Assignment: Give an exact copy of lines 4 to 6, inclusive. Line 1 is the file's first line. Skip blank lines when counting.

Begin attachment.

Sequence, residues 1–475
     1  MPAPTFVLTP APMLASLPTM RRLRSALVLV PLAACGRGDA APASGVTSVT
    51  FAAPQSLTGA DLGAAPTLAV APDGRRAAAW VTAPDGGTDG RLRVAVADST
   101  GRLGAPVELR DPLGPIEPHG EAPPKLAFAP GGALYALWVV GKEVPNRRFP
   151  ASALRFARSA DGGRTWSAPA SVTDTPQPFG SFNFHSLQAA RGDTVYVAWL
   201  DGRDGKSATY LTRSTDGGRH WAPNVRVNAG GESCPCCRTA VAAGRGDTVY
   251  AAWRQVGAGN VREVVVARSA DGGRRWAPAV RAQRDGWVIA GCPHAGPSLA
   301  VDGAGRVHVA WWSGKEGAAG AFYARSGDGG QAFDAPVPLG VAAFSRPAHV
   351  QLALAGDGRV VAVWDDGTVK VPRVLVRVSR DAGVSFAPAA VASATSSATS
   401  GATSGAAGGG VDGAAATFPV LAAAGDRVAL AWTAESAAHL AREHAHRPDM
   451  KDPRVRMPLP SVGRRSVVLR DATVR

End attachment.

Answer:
   101  GRLGAPVELR DPLGPIEPHG EAPPKLAFAP GGALYALWVV GKEVPNRRFP
   151  ASALRFARSA DGGRTWSAPA SVTDTPQPFG SFNFHSLQAA RGDTVYVAWL
   201  DGRDGKSATY LTRSTDGGRH WAPNVRVNAG GESCPCCRTA VAAGRGDTVY